When I was in school (before texting or digital X-rays) we were taught that 80 percent of splenic tumors were malignant, 20 percent benign. Benign tumors, however, can be just as lethal, as they also rupture and cause death by hemorrhage. Surgery was really the only option. There was no way to know definitively in advance whether a mass was benign or malignant. Surgery could cure a dog with a benign splenic tumor, but even with complete removal of the spleen, malignant tumors carried a grave prognosis. Microscopic spread happens early, and even with no visible evidence of metastasis at the time of surgery, most dogs with malignant tumors died within three months. There was a general consensus that larger tumors were actually more likely to be benign, but overall statistics were discouraging, and many owners opted for euthanasia rather than surgery. Now, more than 30 years since I graduated, we still do not have great options for presurgical diagnosis, nor are there really effective treatments for malignant splenic tumors. What has changed is that current studies suggest the odds are better than we used to think — closer to 50/50 for benign versus malignant.

Hemangiosarcoma can also occur in the heart, and splenic tumors often spread to the lungs, but Gamaliel’s abdominal and chest X-rays looked normal. “There’s a small area here behind his spleen that could be something,” I pointed out, “but it’s probably just a loop of bowel.” Maybe I had jumped too quickly to a diagnosis based on his breed and age. Maybe we were lucky, and his symptoms did not indicate cancer. Despite his recent blood work, we repeated those tests, and discovered a mild anemia and slightly low platelet count (cells involved in clotting.) These could occur with a splenic tumor, or with tick-borne disease, or with many other things. But my gut kept saying, “9-year-old Golden, 9-year-old Golden.” Next step would be an ultrasound, one more piece of equipment I didn’t have.

Gamaliel went to Cape Cod Veterinary Specialists, where an ultrasound revealed a small splenic tumor. After getting plasma transfusions to improve his clotting ability, his spleen was removed, but those 50/50 statistics still mean that half the time, these tumors are malignant. Tiny lesions that had not been visible by ultrasound were found on Gamaliel’s liver during surgery, suggesting probable metastasis. Post-operatively, he developed cardiac problems, but those seem to be stabilizing with medication. He is home now, but odds are he doesn’t have much time. It is a beautiful summer evening. As the stars start coming out, I hear the chirping of real crickets outside my window. I think tonight they sound a little sad.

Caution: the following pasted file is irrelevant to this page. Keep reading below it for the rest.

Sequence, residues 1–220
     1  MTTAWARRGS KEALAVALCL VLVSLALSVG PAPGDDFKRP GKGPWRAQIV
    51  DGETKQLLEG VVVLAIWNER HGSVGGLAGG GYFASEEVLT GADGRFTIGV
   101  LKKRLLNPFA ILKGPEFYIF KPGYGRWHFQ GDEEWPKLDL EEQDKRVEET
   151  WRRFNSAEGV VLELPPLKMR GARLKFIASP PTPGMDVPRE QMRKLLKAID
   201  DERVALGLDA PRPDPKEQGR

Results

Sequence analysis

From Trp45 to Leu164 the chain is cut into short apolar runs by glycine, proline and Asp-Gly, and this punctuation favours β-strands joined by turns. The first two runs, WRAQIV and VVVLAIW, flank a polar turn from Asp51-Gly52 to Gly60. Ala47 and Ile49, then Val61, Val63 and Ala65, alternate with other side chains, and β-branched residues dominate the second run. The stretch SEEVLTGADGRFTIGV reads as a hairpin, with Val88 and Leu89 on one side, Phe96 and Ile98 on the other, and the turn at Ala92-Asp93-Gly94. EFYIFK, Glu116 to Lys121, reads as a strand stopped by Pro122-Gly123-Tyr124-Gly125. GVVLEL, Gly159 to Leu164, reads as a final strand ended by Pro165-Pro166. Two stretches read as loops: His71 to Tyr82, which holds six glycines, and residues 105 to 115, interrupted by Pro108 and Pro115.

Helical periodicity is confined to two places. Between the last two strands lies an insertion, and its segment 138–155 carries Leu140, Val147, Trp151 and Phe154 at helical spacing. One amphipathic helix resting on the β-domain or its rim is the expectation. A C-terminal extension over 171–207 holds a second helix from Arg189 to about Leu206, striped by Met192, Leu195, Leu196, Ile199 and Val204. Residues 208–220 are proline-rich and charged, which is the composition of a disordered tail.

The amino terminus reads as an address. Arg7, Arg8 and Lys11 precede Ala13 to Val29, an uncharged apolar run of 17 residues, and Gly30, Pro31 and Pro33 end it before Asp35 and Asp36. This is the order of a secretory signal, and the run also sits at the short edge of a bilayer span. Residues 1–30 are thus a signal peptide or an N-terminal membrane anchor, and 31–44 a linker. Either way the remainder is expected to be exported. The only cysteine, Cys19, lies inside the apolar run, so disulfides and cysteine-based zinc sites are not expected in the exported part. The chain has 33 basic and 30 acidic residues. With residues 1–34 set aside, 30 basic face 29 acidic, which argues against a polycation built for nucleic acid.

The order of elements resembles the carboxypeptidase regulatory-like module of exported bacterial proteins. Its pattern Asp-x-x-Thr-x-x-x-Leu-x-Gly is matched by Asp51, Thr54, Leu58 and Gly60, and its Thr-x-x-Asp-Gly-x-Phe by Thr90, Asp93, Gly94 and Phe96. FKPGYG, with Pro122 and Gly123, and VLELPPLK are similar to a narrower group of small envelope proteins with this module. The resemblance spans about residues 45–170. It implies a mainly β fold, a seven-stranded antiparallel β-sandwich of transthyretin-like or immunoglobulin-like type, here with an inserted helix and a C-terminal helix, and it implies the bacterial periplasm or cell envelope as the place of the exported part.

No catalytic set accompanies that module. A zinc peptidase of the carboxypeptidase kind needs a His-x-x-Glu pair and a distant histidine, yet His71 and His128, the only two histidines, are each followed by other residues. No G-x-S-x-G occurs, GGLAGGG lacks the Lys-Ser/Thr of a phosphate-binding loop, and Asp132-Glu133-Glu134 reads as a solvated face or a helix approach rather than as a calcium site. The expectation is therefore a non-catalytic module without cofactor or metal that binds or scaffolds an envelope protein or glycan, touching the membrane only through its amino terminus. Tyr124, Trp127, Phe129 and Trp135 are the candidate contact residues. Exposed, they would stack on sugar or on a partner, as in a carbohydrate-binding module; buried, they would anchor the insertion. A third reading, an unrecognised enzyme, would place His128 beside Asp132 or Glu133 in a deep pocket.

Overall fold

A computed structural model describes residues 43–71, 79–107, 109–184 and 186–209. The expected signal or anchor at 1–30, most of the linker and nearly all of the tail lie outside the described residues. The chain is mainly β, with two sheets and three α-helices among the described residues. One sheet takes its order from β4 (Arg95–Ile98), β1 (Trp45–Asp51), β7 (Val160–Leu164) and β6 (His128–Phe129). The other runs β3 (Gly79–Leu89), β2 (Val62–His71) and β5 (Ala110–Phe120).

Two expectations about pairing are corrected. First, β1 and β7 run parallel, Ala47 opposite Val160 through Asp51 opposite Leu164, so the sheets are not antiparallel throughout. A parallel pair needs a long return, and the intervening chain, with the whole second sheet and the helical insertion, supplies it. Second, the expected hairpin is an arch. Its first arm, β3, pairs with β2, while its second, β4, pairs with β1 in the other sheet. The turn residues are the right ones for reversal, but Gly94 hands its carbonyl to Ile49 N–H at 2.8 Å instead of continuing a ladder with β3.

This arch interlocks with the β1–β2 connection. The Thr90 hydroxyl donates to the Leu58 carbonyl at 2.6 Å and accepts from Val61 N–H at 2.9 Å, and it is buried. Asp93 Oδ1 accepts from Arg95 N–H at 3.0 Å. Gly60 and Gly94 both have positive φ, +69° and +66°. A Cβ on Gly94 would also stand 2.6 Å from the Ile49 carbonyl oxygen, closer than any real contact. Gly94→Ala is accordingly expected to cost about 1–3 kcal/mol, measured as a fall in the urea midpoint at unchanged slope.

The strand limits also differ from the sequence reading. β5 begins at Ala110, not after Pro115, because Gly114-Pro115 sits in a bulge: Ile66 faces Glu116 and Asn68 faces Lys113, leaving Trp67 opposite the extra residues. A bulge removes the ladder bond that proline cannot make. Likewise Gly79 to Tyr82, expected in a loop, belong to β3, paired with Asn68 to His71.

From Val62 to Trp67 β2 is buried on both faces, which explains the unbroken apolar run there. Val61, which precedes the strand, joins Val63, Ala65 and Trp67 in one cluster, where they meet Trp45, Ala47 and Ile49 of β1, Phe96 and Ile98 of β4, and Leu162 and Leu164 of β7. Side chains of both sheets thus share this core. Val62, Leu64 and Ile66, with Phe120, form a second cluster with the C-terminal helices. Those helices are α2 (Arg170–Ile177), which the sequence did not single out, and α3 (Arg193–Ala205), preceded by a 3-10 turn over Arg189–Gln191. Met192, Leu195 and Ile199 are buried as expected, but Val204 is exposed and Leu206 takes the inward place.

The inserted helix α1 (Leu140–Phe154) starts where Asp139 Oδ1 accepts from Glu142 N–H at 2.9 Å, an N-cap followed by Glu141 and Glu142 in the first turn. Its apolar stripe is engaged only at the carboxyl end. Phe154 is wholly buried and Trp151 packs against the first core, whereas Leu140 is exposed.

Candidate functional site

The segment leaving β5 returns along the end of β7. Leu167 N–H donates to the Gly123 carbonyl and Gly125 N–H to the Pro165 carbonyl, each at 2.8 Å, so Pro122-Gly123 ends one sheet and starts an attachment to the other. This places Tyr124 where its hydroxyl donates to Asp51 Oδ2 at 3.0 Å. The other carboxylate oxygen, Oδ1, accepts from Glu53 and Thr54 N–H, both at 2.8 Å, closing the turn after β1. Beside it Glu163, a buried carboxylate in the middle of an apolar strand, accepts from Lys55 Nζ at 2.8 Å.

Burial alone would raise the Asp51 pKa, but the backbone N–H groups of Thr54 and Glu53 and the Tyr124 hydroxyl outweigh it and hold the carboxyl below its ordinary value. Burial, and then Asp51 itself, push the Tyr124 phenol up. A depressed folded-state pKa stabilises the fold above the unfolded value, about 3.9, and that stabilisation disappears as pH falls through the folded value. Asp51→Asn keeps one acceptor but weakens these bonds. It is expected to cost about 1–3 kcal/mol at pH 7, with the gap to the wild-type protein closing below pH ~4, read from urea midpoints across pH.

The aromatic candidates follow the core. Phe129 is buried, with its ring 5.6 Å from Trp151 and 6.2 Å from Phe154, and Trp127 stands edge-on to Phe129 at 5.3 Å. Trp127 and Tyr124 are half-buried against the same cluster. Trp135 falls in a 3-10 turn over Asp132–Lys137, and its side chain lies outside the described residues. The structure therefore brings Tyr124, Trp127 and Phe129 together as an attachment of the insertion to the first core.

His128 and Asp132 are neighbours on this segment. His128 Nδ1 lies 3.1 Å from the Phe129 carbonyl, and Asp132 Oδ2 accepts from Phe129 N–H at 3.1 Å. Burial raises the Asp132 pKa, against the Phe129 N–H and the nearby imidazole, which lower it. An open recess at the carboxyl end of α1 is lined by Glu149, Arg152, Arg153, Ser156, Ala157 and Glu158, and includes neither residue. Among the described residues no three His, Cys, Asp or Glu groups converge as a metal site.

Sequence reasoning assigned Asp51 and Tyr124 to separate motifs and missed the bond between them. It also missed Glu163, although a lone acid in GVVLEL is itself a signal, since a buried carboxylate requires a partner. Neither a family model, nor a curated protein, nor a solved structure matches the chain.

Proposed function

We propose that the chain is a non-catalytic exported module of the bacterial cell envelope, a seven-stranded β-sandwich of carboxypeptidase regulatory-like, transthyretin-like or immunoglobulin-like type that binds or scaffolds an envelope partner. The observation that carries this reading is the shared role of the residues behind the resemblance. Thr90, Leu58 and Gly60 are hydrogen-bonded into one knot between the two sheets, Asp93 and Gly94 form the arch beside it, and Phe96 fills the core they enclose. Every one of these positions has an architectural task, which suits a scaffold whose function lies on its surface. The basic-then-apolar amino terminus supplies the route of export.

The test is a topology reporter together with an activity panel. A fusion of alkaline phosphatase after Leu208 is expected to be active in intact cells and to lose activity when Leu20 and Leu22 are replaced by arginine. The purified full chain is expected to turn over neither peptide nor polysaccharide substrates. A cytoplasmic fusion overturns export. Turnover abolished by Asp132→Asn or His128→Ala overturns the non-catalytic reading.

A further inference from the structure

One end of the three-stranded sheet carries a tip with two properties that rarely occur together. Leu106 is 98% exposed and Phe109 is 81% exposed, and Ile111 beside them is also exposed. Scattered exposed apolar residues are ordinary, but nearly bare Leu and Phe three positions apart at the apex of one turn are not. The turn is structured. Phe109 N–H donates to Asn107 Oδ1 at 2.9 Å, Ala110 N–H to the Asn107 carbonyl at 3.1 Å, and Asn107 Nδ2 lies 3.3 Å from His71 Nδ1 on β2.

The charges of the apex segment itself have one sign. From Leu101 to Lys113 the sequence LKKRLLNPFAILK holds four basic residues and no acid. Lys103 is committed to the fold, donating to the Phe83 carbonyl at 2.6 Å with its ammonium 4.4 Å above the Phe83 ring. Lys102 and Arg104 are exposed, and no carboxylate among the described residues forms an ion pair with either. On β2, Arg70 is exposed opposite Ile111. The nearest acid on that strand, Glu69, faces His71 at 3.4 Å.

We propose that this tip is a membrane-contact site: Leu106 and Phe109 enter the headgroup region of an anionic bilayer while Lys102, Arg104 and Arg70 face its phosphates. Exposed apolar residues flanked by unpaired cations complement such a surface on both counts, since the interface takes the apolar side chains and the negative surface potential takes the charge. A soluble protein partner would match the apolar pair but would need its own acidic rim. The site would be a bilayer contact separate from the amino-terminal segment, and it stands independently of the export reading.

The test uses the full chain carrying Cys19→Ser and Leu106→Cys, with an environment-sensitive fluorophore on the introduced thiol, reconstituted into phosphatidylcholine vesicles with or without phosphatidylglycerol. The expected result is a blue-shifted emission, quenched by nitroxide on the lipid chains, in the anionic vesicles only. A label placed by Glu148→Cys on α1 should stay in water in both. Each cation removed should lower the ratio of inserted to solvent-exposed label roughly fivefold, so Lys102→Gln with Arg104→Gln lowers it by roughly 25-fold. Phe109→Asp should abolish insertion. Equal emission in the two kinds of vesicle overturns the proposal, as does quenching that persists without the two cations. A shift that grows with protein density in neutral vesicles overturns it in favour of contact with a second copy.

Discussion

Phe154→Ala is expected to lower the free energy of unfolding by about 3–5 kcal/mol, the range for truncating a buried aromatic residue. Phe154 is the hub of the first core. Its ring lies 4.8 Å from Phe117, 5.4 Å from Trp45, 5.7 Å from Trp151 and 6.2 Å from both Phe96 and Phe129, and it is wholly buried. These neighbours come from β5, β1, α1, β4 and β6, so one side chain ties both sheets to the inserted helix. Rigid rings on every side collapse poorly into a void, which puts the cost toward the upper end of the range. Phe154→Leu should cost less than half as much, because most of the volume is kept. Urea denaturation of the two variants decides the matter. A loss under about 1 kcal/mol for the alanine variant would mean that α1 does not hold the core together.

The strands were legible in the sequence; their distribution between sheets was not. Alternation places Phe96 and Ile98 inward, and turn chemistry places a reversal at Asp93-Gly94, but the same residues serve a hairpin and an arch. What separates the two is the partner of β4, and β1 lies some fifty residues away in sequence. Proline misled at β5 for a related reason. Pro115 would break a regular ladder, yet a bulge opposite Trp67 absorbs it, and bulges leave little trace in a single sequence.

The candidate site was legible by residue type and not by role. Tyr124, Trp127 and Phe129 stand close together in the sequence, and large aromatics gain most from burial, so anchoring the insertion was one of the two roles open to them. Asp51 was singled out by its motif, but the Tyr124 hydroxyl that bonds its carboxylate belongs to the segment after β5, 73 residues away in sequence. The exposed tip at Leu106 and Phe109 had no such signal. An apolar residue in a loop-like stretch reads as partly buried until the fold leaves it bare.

Xylitol, a common sugar substitute found in some medications, may prove fatal to dogs.

Tidbit is a tiny toy poodle, weighing only 5 pounds. OK, I don’t really have a patient named Tidbit, but let’s imagine I do. Little dogs pose unique challenges for veterinarians. It can be easier to wrestle an uncooperative Labrador than to safely handle an annoyed Chihuahua.

What tiny dogs lack in size, they frequently make up for with attitude. But we love their big spirits, and do our best to provide them optimum care. So my imaginary patient Tidbit has had a bad back for years, but now the pain medications we had been using were no longer doing the trick. Tidbit needed something to give her relief.

“Maybe we should try gabapentin,” I suggested. This drug is used in humans to treat epilepsy, restless leg syndrome, and as a pain medication for conditions like diabetic neuropathy. It is also used “off-label” for problems like anxiety, insomnia, and bipolar disorder. In recent years, veterinarians have begun trying gabapentin for pets. In dogs, it seems to be helpful treating chronic nerve-related pain, such as Tidbit was experiencing with her intervertebral disc disease.

The veterinary pharmaceutical industry produces many medications that are formulated and approved specifically for use in animals. Because these companies know our patients can range in size from 2 pounds to 2,000 pounds, they typically market a wide variety of strengths to accommodate this. But veterinarians also utilize pharmaceuticals manufactured only for people. Gabapentin is such a medication. If I wanted Tidbit to try it, I would need to prescribe the human product from a local pharmacy. “Let me figure out her dose,” I said, grabbing my calculator. But for the teeny dose needed for this teeny dog, the tablets made for people were way too big, even if we broke them into quarters.